I am in the process of studying for an upcoming sermon series on the topic of church discipline. As I do for any sort of topical series, I try to read as much as I can on the subject. One of the first books I came across in my research that I wanted to read is In Pursuit of Prodigals by Stephen Davey.
One of the reasons I chose this book first is because of its length. This is a very short book that could be read in a few hours. The subtitle of the book is "A Primer on Church Discipline and Reconciliation." And that is what this is. It is a small introductory book on this subject. As I have read a lot on the subject before, there isn't a whole lot of new, revelatory information. But it is summarized very well. For that, I am grateful.
Another reason I chose this book to read first in my study of this subject is because of the title. In Pursuit of Prodigals. I love the imagery the title brings to my mind. Even with this imagery, it took Davey over half way through the book until he gave a definition and explanation of the concept of church discipline that corresponds with this title. He says,
"Discipline is the action of love as a church or individual attempts to awaken the sinning believer who is being mesmerized by the pleasures of sin. It is the loving, firm, caring, and passionate attempt to awaken and rescue the prodigal from danger" (52).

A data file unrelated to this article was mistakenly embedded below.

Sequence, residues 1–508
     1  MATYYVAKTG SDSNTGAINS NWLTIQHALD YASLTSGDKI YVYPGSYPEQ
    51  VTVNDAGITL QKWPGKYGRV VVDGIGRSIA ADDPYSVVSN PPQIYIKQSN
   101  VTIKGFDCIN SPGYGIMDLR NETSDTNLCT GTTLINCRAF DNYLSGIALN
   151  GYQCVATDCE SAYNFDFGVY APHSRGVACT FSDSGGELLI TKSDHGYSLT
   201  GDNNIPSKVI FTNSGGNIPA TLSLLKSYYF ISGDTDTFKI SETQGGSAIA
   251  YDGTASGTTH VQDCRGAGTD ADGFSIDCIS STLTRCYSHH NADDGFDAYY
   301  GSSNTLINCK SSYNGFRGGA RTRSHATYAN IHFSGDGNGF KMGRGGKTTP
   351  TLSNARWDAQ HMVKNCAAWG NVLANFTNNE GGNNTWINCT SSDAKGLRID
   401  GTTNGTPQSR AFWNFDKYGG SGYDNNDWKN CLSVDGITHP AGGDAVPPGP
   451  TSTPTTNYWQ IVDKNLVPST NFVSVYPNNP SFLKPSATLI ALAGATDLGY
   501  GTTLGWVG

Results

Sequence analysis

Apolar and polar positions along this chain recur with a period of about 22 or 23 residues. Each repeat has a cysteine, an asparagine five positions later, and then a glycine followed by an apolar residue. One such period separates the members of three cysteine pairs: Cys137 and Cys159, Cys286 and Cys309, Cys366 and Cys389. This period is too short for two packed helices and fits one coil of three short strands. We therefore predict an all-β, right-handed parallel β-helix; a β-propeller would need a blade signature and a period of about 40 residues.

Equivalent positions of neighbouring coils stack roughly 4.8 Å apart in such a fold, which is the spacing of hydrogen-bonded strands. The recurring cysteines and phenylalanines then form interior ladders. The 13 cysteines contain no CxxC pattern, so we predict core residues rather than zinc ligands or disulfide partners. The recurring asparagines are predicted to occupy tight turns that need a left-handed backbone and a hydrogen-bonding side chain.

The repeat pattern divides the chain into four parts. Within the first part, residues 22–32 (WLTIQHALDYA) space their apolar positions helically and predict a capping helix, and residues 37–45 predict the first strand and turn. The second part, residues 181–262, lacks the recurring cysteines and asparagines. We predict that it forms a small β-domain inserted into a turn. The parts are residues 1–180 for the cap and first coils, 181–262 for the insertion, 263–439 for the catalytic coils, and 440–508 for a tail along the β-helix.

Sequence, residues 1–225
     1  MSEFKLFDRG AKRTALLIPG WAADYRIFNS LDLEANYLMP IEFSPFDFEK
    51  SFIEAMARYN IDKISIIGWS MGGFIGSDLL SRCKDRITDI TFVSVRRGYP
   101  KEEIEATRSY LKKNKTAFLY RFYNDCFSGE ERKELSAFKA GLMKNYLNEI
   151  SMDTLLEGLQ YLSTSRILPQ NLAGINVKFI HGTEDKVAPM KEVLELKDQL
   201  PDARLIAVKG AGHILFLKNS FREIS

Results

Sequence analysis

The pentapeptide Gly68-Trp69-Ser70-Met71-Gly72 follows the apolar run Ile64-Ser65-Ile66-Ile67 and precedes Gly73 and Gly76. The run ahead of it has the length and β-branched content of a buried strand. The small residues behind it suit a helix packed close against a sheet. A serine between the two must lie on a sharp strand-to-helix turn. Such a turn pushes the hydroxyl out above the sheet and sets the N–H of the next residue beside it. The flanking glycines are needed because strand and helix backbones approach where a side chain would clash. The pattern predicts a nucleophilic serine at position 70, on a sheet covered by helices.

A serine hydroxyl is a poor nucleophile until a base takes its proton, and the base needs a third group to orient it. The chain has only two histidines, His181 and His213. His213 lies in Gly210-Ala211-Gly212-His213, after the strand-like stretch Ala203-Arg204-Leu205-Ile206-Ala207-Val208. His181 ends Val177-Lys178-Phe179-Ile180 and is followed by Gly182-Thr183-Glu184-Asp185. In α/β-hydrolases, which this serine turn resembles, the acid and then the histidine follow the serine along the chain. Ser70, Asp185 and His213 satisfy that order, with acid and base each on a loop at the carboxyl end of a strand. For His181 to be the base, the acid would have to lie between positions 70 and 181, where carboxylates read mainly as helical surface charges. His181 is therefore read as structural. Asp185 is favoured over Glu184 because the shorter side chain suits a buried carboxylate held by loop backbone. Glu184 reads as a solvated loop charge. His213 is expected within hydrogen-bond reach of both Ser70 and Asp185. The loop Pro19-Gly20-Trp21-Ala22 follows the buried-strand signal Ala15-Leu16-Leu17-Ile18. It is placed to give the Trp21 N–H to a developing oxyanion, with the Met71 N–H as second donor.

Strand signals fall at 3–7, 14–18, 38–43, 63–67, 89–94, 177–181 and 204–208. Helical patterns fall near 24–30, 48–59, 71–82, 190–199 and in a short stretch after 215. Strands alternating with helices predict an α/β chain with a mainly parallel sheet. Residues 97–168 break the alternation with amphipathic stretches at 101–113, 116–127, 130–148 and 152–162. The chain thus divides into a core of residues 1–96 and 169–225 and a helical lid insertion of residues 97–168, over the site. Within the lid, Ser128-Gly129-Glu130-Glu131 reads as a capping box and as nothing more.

My guess is that whenever anyone in the church thinks of prodigals, they think of the prodigal son in Luke 15. And so I guess I was a bit surprised to find that he never talked about that parable or others that build off of that (parable of lost sheep, lost coin). I loved the imagery and wished that he would have used it more in the writing of the book.
But in the end, this book is a great summary of this topic. He does a good job of bullet-pointing the main ideas and concepts of church discipline and reconciliation. If you are looking for a place to start on this subject, this might be a helpful resource for you as he quotes Scripture after Scripture. There is little dialogue or explanation of them, but he does show you how the main thoughts come out of the Scriptures.
In the last chapter, Davey shares the benefits of church discipline. The second benefit he describes is that, if practiced, the integrity of the church is preserved. And then he says what I feel I have been saying and feeling for years now.
"American culture today views the Church as simply one more club to join . . . one more place where you go to be seen . . . one more location to pass out business cards . . . one more voting bloc in the next election. The Church has simply lost its reputation as a distinctive community of people that was once viewed with a mixture of fear and awe--a holy people who represent a righteous God" (67-68).
I agree. I just wonder if the church has become such an easy place for people to play the Christian game because church discipline is rarely practiced. Maybe this is one key to God purifying His church, not in a negative way. But only as we pursue the prodigal who is running away from God.